I attended Kim Kyung Hyun’s talk today on the Korean movie Oasis. Kim has written The Remasculinization of Korean Cinema. His talk, “Between Greenfinches and Sparrows: Interpreting Signs in Oasis” (He actually changed the title but I didn’t catch the new one) focused on Fantasy, Language, and Naturalism in director Lee Chang-dong’s movies, especially Oasis. I was a bit disappointed at what I felt to an excess of fluff in his talk (fluff: a precise technical term which I use to refer to slightly incoherent theoretical babble which constructs impossible and unfinished sentences that can only give the listener a sort of approximate idea of what the speaker is trying to say). He also had a tendency to spend several minutes explaining what questions he wants to grapple with but then giving us a single sentence answer which is then repeated for us in many eloquent but ultimately redundant ways. However, this is not at all uncommon in literary or cinema related talks.
Continue reading Oasis: Kim Kyung Hyun Talk

Just Watched Oasis

I just finished watching Oasis, a Korean movie directed by Lee Chang-dong. It is perhaps the most emotionally challenging movie I have ever seen. It is a tragic love story but also a merciless social critique. I’ll be attending a talk on the movie tomorrow given by Kim Kyung Hyun from UC Irvine and I’ll write more then.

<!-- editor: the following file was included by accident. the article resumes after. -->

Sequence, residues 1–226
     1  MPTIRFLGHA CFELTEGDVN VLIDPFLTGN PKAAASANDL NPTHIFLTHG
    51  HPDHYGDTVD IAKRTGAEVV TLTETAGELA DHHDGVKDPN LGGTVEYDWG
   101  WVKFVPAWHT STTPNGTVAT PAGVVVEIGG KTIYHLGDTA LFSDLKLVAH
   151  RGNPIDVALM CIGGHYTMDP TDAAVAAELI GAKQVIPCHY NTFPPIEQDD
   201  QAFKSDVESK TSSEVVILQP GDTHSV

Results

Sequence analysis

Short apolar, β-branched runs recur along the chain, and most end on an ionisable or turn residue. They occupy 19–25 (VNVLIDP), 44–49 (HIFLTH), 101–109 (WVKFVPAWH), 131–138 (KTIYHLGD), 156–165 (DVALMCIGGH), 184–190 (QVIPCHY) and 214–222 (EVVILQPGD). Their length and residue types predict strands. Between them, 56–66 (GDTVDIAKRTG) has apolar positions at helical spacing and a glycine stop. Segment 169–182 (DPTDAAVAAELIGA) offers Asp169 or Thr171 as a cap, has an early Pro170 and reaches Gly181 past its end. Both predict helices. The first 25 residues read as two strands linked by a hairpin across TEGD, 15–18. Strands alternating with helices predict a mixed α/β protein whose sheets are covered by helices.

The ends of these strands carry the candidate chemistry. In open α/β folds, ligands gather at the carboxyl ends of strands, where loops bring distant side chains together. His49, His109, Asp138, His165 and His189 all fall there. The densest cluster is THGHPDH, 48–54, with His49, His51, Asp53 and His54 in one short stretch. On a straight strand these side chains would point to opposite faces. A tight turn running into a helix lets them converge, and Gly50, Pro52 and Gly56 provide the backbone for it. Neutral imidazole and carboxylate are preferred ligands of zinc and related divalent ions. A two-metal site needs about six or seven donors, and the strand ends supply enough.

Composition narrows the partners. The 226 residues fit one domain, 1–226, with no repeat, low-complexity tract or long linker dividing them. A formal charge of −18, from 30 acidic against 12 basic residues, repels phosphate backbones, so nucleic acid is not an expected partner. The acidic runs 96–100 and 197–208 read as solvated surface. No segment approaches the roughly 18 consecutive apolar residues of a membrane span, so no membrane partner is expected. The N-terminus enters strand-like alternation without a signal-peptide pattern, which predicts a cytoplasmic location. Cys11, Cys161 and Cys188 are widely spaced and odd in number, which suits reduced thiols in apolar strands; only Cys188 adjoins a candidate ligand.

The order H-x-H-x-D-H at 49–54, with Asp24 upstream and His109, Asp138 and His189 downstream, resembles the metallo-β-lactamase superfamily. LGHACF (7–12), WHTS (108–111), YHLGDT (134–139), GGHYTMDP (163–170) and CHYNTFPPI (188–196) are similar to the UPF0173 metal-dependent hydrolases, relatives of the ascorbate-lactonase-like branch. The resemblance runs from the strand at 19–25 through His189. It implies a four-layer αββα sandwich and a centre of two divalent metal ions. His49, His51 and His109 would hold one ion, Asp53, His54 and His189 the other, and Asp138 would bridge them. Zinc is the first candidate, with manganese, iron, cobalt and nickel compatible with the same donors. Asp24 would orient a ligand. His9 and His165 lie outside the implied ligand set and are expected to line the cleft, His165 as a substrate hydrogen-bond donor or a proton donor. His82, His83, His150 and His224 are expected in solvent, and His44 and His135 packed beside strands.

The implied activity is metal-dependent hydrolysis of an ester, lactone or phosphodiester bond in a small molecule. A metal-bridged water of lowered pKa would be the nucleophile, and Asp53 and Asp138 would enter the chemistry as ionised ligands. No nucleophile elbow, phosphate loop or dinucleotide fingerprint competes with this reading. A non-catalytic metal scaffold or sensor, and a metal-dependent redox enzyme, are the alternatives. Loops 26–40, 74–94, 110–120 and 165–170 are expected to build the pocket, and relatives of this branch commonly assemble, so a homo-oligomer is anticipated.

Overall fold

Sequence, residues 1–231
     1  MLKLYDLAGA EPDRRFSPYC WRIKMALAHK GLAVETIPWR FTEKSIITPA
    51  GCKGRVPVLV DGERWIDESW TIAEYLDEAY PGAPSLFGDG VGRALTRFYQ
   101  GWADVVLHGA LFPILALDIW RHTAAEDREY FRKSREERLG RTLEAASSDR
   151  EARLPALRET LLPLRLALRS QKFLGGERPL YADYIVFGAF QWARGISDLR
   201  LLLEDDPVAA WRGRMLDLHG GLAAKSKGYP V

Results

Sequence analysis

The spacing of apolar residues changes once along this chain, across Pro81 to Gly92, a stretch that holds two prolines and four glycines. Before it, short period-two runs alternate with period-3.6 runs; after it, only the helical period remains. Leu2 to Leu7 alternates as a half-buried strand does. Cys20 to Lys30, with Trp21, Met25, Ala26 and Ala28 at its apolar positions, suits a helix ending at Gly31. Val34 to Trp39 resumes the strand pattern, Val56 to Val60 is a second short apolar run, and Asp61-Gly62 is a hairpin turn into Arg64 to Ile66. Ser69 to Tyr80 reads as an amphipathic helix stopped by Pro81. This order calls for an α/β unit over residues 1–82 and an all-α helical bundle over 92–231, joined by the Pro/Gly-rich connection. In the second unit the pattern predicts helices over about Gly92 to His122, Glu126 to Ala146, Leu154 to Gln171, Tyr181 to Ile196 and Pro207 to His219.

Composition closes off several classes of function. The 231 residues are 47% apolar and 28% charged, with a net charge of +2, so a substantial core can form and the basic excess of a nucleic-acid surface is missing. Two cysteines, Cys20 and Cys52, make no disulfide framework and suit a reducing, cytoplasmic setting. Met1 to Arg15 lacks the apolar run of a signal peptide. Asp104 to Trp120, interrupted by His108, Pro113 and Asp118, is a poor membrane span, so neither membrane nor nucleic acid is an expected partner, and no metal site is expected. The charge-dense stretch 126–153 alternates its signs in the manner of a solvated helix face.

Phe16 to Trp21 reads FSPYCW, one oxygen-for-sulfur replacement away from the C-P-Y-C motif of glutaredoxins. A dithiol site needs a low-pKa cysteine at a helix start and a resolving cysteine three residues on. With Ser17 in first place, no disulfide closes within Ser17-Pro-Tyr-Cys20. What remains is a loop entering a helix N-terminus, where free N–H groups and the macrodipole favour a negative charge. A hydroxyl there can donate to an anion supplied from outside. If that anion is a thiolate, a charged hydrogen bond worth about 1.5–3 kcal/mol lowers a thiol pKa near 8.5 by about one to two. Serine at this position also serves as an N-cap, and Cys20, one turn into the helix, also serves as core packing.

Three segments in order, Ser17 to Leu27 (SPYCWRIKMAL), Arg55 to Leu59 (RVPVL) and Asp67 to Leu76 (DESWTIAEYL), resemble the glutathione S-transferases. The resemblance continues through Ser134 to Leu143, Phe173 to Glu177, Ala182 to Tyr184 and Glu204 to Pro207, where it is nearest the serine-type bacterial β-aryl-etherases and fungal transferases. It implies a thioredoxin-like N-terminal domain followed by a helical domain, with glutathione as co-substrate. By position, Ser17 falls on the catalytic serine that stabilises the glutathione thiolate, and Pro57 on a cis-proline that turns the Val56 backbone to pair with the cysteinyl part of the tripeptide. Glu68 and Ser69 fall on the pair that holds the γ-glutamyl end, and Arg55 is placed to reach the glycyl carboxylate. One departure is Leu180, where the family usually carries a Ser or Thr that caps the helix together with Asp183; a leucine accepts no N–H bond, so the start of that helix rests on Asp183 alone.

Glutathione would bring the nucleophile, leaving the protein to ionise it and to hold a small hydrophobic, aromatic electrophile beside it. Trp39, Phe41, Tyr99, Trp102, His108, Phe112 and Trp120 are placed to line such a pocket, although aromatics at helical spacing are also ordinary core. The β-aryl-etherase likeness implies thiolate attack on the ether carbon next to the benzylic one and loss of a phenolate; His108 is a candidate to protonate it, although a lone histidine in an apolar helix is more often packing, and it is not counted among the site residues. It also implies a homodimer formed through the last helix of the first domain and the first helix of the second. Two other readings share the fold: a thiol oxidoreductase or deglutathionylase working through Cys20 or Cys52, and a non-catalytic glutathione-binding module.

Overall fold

It was Cary Grant movie night at Dudley, the graduate student activity center of campus. I stopped in for one of the movies, the 1946 suspense movie Notorious. It was fantastic. While it has a kind of simple “lets prevent a group of ruthless postwar Nazi Germans from creating nuclear weapons in a Brazilian mansion” kind of plot, this old black and white Alfred Hitchcock directed movie reminds me yet again that movie making didn’t always get better with time. He directs some wonderful scenes with their memorable camera shots, whether it is hiding Cary Grant from us in the opening scene, a certain angle on a coffee cup, or the ultimate feeling of suspense generated from a slow camera descent with the main characters down a flight of steps as a few distant looming figures of Nazi evil stand in the background and watch. There is a love story, but it is a cynical love, where almost every exchange of emotion is a defensive insult or a probing stab. Finally, what I loved the most was that the movie maintained a constant threat of violence that we await with every scene, only to be denied it throughout.